Max did not argue. “Be that as it may, Germany boasts of its schools.” As Albert scowled, Max continued. “But, my friend, I can tell you that there are schools in Switzerland that may be of interest to you. I attended one of them before I went to the University of Munich.”
Albert raised his eyebrows. “Switzerland?”
Max nodded. “The Polytechnic in Zurich, where I studied. And I have an uncle who lives in Zurich. He was instrumental in having me attend the Polytechnic, and I believe he would be willing to assist you as well. It would give you the education I think you are looking for.”
Albert’s face brightened. “That would be wonderful… if it would not be too much trouble, I mean.”
Max touched Albert’s arm, reassuring him, and said, “As far as I’m concerned, you’re family, Albert. I would be glad to help you. No trouble at all. It is the least I can do for people who treated me with such kindness.”
Albert sat back in his chair. For the first time in months, he felt like he could breathe.
Albert and Max went back to reminiscing as they finished their supper together. Feeling a refreshing wind in his sails blowing him in a new direction, Albert was now more than ready to meet the direktor and his lieutenants. When the two finished the last of their beer, Albert prepared to pay the check.
Raka was deep in thought, speculating on what he had heard when he saw the younger man reach into his pocket and pull out his money clip along with a round, brass device. Raka held his breath. There it was, his treasure! He wanted to jump up and grab it but had enough presence of mind to know that was not the way to achieve his objective. In the excitement of seeing the Shamir, Raka’s concentration weakened, and the illusion of his human form began to fade. Scales began to appear on his face. He rubbed his hands over his cheeks quickly, and his soft, human complexion returned. Shaking with anticipation, Raka was overwhelmed by his proximity to the prize he had sought for millennia. As Albert and Max stood up and made their way to the front door, neither noticed the blond gentleman at the table behind them.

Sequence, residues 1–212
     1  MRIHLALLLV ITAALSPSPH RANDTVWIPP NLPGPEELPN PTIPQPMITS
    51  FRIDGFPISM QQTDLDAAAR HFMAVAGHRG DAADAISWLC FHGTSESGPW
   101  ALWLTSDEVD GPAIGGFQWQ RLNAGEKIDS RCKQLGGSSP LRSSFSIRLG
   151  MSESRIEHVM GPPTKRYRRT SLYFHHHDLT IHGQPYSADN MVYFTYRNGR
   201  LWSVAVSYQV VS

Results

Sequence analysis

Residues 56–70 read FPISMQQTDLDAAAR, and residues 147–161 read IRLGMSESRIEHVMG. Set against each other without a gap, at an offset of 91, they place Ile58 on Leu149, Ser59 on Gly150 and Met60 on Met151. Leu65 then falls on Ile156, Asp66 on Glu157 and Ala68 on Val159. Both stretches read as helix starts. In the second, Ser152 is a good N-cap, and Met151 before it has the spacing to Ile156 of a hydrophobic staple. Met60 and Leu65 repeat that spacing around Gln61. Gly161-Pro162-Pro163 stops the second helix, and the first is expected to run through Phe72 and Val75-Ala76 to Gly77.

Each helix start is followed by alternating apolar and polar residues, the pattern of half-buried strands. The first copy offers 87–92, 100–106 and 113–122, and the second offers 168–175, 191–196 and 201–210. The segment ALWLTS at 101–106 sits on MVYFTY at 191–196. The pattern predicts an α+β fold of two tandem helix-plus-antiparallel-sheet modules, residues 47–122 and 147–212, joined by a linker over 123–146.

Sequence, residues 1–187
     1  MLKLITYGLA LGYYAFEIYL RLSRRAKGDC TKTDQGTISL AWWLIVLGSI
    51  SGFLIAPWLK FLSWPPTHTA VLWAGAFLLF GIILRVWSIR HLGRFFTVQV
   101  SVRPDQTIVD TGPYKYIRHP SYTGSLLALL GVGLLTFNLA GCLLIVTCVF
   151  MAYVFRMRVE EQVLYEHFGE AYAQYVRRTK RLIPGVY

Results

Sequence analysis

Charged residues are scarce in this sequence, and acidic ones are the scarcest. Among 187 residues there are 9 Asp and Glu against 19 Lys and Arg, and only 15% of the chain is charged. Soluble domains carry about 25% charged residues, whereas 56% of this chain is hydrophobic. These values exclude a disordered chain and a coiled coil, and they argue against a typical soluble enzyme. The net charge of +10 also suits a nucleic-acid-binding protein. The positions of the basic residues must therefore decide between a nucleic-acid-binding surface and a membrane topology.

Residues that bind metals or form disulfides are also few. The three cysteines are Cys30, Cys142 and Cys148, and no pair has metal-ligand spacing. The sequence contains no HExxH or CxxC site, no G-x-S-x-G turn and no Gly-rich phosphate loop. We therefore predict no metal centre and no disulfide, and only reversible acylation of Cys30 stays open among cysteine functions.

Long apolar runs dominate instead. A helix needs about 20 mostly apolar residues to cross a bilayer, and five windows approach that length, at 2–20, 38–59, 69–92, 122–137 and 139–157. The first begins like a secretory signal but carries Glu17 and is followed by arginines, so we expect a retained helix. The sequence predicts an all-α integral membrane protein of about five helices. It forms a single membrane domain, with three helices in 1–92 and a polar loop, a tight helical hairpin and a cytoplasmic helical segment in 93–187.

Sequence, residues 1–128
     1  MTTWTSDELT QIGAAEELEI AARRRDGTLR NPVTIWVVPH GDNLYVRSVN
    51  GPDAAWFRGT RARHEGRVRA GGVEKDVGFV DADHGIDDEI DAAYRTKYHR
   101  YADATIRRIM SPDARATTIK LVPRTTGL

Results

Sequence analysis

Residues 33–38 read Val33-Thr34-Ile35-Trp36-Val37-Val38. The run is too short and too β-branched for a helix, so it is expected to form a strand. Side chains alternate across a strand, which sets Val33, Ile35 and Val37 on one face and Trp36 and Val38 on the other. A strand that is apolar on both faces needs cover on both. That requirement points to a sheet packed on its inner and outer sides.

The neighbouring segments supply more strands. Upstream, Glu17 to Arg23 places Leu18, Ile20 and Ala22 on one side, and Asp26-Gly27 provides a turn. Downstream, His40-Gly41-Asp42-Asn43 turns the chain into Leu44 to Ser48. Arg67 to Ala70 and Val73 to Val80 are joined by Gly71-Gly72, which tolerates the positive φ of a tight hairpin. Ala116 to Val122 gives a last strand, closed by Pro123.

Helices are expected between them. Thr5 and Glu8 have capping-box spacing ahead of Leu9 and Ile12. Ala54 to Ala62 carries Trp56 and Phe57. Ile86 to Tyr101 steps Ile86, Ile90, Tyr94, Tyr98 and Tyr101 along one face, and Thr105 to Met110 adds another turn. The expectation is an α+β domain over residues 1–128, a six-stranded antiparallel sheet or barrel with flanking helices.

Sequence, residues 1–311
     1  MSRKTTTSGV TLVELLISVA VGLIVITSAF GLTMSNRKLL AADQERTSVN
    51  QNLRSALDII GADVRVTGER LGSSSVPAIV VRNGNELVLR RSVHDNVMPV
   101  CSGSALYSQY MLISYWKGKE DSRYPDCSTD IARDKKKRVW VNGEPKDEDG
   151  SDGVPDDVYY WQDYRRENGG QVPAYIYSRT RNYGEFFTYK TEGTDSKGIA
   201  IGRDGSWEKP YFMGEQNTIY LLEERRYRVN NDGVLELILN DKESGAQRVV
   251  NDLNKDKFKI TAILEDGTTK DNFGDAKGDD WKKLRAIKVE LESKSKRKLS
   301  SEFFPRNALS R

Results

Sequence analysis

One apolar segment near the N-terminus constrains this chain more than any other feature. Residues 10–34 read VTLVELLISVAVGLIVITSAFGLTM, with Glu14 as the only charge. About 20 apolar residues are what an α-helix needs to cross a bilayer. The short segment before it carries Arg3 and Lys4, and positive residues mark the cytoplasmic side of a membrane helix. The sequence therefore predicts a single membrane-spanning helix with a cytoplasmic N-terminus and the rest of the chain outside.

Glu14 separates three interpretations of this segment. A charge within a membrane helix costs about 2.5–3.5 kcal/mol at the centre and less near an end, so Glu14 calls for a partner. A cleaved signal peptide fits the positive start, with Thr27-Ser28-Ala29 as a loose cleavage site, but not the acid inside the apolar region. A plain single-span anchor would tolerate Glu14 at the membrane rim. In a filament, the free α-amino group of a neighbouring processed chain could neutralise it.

Raka waited until Max and Albert had left the alehouse before he tossed a few coins on the table and followed. As he exited the building, he saw Max walking to the left and Albert going right to fetch his bicycle at the library. Raka grinned and moved along the cobblestone street toward Albert, melting into the pitch-black night. Albert rounded the corner of the now-dark library and walked to where he had parked his bike. Lost in thoughts of his future, he was unaware of Raka approaching him from behind. Panting in anticipation, Raka prepared to strike, cosmic law be damned. He readied his weapon by pressing the dragon’s ruby eyes and exposing the toxic steel needle. Just as he began to aim, out of nowhere, the hoopoe bird flew straight into the evil lizard, its pointed bill piercing his left eye. Raka stifled a cry and crouched to the ground in pain as the swift bird flew away.
Pulled from his musing by the muffled sound, Albert looked around. But the night was dark, and he saw neither Raka nor the weapon, which fell from his grasp as the lizard covered his wounded eye. The walking stick tumbled to the cobblestone pavement, and the poisoned needle tip broke with a snap, bouncing onto a squirrel nearby, causing it to chatter angrily. As he was placing his leg over his bicycle, Albert heard the noise and saw the little rodent scurry past him. Because it was so dark, Albert did not believe his eyes as the creature’s fur began to smoke and the animal appeared to disintegrate into a puddle of ooze. Albert shook his head, chiding himself for the way his eyes deceived him. He pulled the collar of his coat tighter around him to protect himself from the cutting wind.